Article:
Federal File: Voted out; In Limbo
California Republicans did not exactly roll out the welcome mat for members of the California Teachers Association who attended the state G.O.P.'s annual convention last month.
Delegates adopted a resolution condemning "the anti-Republican and anti-education attitudes, policies, and activities of the C.T.A.''
On a 468-to-217 vote, the party faithful also changed their bylaws to prohibit the union officials from sponsoring a hospitality suite or exhibit at any future California G.O.P. convention until "40 percent of their political contributions are made to Republicans.''
The C.T.A. had hosted a hospitality suite at last month's gathering, where teachers served ice cream and distributed literature supporting increases in education funding.
A spokesman for the union could not be reached for comment last week.
A dispute over the legality of 81 amendments to the Alabama constitution could affect school revenues in four counties, as well as some school board elections.
The problem results from Alabama's practice of amending its constitution to allow actions that would be routine local matters in most states.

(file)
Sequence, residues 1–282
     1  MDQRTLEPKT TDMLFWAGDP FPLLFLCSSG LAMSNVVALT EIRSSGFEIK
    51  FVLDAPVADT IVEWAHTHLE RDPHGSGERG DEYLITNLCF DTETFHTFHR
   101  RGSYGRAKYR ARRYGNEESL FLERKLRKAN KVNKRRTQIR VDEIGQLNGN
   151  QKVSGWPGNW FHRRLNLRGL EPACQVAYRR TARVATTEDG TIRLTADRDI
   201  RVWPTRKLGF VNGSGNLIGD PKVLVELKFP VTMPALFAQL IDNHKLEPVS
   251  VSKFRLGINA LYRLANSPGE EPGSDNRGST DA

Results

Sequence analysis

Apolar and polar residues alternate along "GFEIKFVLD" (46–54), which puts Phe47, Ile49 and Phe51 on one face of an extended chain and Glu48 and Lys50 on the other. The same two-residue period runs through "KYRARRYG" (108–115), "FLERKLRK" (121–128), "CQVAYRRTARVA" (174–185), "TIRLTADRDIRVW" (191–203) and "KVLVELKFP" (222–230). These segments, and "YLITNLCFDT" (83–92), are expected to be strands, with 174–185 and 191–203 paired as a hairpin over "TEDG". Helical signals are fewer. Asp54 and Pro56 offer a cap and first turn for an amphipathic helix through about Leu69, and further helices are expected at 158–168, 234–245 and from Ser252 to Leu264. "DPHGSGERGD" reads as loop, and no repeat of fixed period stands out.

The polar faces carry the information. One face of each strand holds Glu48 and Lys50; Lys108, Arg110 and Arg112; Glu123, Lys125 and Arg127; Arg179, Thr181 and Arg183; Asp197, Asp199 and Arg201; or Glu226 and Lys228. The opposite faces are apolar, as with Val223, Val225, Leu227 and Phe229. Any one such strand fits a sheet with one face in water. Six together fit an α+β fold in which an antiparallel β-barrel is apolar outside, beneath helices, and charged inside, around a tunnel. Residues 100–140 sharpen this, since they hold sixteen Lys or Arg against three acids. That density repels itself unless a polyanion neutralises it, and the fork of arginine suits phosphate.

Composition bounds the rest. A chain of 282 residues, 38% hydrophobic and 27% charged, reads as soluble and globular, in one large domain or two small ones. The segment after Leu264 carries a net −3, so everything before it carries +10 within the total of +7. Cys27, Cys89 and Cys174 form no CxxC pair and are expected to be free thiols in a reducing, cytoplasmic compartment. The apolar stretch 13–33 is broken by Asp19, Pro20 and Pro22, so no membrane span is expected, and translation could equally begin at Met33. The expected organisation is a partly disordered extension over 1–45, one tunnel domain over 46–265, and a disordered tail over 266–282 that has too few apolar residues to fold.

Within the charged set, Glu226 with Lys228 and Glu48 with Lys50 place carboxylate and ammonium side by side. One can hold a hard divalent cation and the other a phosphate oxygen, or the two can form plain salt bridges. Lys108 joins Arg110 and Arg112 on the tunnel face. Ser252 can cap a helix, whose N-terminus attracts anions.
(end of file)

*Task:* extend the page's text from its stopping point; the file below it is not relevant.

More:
"Our constitution doesn't provide for home rule, so to do just about anything, you have to amend the constitution,'' said Brenda Carr, a spokeswoman for Secretary of State Jim Bennett.
She said it currently carries 551 amendments.
In an effort to clear the underbrush from voters' ballots, the legislature in 1982 created a process under which a commission of state officials decided whether a proposed amendment would be voted on statewide. This allowed amendments affecting only one county to appear on only that county's ballots.
But Gov. Guy Hunt used his position on the panel in 1986 to block amendments that would have ended his power to fill county positions in some predominantly black counties.
As a result, the U.S. Justice Department ruled in January that the amendment process violates the federal Voting Rights Act by disenfranchising black voters.
State officials are awaiting the state attorney general's opinion on the legality of 81 amendments that had each been adopted by only one county.
Four of the 81 amendments dealt with local taxes for schools, and
two more affect the election of school boards.
--JULIE A. MILLER